On that first day, as I walked into the well lit garage at my sister's house, I immediately felt all eight pairs of eyes on me. Then the excited pitter patter began. Were they nervous to see a new person in their space or did they realize my presence meant food for them?
What ever the case, I was happy to be there to feed them while my sister's family was away and I couldn't wait for the kids to help me the next day. Paige was gonna LOVE caring for these bunnies.
Most of the bunnies are 4H bunnies and are use to being handled but little Cinnamon is the most mellow bunny of the bunch and SO easy for anyone to handle. She loved being held and pet and Paige was happy to oblige.....Bryce, not so much.
We put Cinnamon back into her cage and fed all eight bunnies. Then I remembered that Buddy, the buck, was supposed to be fed his hay in a feeder hanging from the side of his cage rather than on the floor of the cage like all of the others.
I stuck my hand back into the cage to grab the hay and move it to its proper place when Buddy jumped on my arm and , um, went to town.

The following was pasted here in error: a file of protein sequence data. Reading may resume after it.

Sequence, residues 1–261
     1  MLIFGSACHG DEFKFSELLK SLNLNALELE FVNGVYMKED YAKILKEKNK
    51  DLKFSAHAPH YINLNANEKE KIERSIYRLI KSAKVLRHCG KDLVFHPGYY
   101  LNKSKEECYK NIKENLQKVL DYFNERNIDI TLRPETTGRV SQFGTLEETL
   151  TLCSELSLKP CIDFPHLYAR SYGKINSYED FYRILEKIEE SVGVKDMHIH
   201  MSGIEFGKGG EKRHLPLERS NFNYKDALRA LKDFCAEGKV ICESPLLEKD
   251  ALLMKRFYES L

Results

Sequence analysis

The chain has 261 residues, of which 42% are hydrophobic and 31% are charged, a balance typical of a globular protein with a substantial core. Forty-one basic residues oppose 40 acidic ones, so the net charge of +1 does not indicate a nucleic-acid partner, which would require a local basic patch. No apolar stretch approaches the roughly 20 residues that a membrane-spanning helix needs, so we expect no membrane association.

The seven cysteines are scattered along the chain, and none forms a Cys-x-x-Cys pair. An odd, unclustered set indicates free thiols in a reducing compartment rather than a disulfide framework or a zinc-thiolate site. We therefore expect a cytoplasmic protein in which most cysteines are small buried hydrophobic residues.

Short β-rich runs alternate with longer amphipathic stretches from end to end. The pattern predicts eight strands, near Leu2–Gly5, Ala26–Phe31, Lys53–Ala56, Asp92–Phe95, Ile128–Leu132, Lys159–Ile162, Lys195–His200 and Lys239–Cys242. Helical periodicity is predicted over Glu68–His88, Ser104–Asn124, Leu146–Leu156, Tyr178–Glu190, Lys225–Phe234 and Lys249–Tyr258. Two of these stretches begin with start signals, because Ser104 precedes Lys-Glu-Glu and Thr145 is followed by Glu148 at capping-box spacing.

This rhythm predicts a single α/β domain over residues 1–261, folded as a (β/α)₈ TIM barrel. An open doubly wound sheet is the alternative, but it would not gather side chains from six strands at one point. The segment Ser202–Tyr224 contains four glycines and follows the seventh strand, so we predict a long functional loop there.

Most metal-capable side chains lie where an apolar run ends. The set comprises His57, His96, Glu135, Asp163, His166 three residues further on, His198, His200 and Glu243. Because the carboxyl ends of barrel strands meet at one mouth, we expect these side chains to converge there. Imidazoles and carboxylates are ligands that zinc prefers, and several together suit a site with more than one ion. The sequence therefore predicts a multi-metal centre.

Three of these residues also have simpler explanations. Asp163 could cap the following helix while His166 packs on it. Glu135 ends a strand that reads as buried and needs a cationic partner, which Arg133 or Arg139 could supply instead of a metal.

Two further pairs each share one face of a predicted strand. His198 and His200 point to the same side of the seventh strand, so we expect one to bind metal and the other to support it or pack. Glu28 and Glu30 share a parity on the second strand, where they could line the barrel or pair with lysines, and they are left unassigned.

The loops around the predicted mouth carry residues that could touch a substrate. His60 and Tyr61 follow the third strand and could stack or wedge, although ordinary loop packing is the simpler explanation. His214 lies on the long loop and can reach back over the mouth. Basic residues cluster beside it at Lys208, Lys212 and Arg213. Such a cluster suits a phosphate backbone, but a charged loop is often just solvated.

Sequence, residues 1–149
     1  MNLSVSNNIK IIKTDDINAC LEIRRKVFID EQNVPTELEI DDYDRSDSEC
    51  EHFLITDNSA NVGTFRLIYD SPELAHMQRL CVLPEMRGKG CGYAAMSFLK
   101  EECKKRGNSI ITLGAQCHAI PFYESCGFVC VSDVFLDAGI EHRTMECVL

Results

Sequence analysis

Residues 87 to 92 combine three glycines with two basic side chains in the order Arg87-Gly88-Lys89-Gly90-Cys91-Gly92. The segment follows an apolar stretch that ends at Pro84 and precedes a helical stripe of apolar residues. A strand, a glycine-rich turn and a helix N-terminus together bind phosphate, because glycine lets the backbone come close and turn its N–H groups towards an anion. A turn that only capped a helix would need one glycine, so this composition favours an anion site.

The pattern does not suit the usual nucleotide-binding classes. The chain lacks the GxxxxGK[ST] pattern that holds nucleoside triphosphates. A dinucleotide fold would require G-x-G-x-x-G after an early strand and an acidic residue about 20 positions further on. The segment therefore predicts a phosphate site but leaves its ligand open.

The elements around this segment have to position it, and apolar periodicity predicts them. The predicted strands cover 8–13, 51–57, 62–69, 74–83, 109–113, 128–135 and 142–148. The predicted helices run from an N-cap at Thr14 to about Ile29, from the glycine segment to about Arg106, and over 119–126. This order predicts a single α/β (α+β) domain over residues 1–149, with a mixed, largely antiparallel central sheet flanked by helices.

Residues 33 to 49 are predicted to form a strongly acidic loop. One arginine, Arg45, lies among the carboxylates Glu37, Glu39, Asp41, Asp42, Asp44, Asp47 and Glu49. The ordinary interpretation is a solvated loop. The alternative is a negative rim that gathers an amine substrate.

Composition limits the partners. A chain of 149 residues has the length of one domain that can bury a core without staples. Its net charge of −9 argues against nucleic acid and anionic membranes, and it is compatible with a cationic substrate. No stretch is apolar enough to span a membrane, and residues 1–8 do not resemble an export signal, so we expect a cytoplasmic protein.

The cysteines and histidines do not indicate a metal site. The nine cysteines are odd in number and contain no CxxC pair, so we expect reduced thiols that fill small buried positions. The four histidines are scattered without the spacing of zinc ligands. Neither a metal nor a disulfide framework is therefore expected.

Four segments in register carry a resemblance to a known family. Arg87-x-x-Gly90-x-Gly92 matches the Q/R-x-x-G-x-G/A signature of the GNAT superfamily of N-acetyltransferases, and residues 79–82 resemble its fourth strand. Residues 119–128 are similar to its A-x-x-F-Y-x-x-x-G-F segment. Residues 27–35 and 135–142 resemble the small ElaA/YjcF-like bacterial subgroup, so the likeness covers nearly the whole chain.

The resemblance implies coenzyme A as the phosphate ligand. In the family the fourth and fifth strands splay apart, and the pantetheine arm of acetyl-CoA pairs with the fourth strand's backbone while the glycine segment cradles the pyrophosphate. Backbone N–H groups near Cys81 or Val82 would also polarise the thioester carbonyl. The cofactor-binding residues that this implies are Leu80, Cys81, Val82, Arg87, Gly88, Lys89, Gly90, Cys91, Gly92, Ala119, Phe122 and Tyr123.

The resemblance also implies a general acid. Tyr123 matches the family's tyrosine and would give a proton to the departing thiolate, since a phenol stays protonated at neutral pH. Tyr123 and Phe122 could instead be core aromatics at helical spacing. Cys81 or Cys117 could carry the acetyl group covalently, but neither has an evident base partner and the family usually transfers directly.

Bryce says, "Mom! What's he doing to you?!"
"Well, Buddy thinks or was hoping my arm was a girl bunny." I hesitated before verbalizing my next sentence to my six year old, "He wanted to make baby bunnies."
Bryce's exact words: "Ahh, he looks SO disappointed....." Bryce was right, he did!
Before he could question me further, I replied "He probably is. Now lets go feed those chickens!"
And again I'm amazed at the opportunity of teachable moments that are given when around farm animals. Always exciting and sometimes unpredictable.
Upcoming for the locals: If you would like to meet dairy calves "Emma" and "Barina" in person, they'll be at Marin County Farm Day tomorrow from 9-12noon at the Marin Co. Civic Center - rain or shine, we'll be indoors!
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